One of the features that Shrewsbury has obviously found necessary to have are bridges and there are seven of them, each different and built at different times. Two are particularly interesting to me as they old, although not as ancient as the original constructions that once stood so impressively across this stretch of water.

It struck me that I could have a lot more fun in the video by not simply showing shots of the said bridges and me standing adjacent to them, but by paddling through and under them in some sort of boat. I do have a kayak in fact and my first thought was I could clamber into my life jacket and cut through the water with that. However, I am not at all confident in it and need to have lessons to right myself if I should, and I normally do, tip over.

The trouble with my Kayak is that it is not really in keeping with the serenity of the River Severn. Its a purple plastic thing designed for white water rapids and although there is a weir situated along the course of the river as you leave Shrewsbury I am not going to venture down that. What I need is some thing much more traditional and more placid.

Then it struck me. I need a coracle. This is an ancient craft, possibly older than the Romans and thought to have been in use in Britain before the invasion in AD43. It is a simple thing. In essence its an upturned basket made from local wood such as ash or willow. Traditionally it would have had animal hides attached to the underside to stop the water coming in, but I gather in the Victorian era, a waterproof substance called Calico was invented and painted on to a heavy material and does the job nicely.

A coracle is very much a single person craft and really a vehicle for fishermen. It wasn’t intended to be for carrying goods other than perhaps your sandwiches as you pootle about on the river surface with the single paddle. Sounds idyllic.

For me it is perfect, if I can control it, they are supposed to be tricky, but once the knack is mastered the opportunities are vast. As an investment, for they are not cheap to buy, I think it would be good as I can use it many times. One of the future videos for the Bald Explorer is to explore the canals and water navigation in Shropshire so I am sure it will get plenty of use.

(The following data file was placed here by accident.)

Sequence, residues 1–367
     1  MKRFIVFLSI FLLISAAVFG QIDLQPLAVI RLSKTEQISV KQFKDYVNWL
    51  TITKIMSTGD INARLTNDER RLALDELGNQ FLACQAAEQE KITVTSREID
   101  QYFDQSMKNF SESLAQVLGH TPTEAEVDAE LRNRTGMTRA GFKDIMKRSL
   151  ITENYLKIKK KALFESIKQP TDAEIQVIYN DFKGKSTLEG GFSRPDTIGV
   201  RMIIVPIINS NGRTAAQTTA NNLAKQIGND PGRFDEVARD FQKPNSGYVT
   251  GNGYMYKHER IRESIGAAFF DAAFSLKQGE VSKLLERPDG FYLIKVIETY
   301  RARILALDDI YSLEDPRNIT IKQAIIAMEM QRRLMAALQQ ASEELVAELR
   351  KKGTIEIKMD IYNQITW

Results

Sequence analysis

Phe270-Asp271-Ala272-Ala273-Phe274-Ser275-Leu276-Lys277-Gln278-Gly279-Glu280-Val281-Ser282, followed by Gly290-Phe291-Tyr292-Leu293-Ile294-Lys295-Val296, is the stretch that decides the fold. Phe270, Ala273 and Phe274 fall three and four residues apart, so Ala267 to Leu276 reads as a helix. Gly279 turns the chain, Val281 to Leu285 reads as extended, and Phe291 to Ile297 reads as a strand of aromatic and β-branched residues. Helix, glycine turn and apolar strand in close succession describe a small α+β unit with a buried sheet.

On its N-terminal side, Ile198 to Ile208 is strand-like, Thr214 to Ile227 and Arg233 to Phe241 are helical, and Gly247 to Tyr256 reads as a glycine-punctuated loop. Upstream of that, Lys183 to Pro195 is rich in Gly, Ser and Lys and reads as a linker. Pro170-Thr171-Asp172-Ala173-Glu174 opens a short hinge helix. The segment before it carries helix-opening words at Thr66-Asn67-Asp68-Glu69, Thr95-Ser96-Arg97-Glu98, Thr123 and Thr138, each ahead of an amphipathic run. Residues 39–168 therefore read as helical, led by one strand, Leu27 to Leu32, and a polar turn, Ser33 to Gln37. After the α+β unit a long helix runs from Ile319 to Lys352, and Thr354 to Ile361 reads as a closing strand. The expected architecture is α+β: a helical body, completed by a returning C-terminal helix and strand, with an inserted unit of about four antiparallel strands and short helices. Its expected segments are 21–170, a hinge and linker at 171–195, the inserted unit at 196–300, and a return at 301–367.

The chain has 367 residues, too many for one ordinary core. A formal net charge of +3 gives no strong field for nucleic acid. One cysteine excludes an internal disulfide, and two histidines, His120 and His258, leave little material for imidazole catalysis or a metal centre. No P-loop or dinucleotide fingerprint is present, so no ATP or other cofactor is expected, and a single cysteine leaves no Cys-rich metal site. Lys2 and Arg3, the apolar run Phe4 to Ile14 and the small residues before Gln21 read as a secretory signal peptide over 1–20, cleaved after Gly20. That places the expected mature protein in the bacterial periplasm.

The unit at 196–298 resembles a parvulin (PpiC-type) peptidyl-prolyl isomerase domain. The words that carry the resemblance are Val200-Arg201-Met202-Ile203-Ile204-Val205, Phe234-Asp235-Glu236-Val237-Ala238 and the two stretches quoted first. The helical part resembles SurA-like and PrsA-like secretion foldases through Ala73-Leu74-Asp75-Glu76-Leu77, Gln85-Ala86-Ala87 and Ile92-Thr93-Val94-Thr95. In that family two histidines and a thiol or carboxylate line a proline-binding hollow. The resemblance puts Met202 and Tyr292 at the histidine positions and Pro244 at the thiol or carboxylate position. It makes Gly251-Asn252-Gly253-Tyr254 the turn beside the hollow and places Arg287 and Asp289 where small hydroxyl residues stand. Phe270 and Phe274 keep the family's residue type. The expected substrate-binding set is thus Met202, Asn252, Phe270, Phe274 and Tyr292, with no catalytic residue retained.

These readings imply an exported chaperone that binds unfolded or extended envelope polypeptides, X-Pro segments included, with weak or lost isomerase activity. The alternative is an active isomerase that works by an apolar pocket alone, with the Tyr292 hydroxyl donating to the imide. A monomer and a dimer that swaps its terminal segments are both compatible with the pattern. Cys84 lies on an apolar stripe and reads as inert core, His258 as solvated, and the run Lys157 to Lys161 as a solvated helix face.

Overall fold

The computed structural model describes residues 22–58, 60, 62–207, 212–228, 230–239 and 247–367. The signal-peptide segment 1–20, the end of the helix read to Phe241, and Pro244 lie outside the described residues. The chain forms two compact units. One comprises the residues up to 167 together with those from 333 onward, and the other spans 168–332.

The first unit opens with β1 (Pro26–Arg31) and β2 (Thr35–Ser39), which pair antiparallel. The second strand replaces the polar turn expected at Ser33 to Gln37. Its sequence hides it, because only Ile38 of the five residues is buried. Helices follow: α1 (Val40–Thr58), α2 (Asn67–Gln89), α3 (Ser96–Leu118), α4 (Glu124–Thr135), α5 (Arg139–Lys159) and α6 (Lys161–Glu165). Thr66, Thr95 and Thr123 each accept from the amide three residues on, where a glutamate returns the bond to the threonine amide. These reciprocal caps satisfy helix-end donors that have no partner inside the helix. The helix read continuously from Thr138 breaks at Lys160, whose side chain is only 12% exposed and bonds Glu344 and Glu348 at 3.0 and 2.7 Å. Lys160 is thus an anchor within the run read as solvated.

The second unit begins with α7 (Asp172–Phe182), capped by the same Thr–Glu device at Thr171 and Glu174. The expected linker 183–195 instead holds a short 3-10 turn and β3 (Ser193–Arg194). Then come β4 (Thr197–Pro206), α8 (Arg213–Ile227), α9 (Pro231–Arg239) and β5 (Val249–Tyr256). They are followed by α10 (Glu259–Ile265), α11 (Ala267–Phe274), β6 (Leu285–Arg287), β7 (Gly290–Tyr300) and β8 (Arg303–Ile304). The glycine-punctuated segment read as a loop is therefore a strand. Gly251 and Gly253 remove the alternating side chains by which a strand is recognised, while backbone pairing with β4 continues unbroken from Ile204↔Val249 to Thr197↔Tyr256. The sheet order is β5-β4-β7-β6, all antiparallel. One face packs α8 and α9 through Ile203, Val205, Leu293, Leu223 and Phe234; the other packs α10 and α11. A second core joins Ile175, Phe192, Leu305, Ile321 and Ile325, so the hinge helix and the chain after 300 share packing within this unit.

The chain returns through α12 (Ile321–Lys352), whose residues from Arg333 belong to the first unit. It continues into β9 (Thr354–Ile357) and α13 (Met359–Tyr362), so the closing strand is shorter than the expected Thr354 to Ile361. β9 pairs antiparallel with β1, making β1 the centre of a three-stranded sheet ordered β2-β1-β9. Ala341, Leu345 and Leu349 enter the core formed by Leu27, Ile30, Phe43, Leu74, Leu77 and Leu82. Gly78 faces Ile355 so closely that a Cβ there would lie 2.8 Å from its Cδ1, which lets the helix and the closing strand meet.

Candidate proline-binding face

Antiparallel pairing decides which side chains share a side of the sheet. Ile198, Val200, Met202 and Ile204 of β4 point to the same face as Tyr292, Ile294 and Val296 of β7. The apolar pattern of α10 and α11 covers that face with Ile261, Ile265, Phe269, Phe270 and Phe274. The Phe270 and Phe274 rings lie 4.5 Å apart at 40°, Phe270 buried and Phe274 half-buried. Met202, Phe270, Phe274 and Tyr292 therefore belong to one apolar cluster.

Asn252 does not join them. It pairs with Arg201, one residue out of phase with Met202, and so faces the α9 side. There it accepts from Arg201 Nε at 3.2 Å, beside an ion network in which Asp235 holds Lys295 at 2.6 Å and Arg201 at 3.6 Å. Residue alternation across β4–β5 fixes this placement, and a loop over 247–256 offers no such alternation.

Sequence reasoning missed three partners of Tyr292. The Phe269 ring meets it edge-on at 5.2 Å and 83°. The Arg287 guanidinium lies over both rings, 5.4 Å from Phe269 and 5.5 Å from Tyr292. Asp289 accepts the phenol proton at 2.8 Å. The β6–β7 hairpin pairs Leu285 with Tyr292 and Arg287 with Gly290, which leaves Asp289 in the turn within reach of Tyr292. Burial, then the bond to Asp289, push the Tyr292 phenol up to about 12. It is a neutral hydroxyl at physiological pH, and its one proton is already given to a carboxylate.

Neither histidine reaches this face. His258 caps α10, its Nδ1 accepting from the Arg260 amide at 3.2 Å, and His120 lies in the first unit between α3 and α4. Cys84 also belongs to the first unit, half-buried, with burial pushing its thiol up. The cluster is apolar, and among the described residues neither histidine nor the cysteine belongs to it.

Shrinking the Bald One

Over the last few days I have been agonising about the approach to producing these Bald Explorer videos. I naturally aspire making them look and feel like a television programme, but the Lewes episode has taught me many things. For example, just the overall time to produce a 30 minute episode is very long and frustrates not only me but also the potential audience.

The delay between producing them now I feel shouldn’t be lengthy. Secondly, the cost in petrol, meals out and the need for different bits of kit, props or costumes to complete a full programme contributes to the over all expense. With no funding or means to claim back expenses this makes it difficult to continue the production at the pace I would like.

Another thing that hinders the production is my availability, and of course my friend Mr. Pegram who is doing the excellent camera work. We both have busy lives with other work commitments interrupting our time.

I am sure there are a host of other things that I could add, but I wont bore you with all my lame excuses. So I have come up with a cunning plan, which I hope will satisfy all concerned.

I propose to make 5 minute mini episodes of the Bald Explorer that explore one or two elements of an over all theme. These would build up to make a collection or if you like could be placed together to make a fuller programme.

Each five minute episode would therefore be released far quicker and and give reason for the audience to come back for more.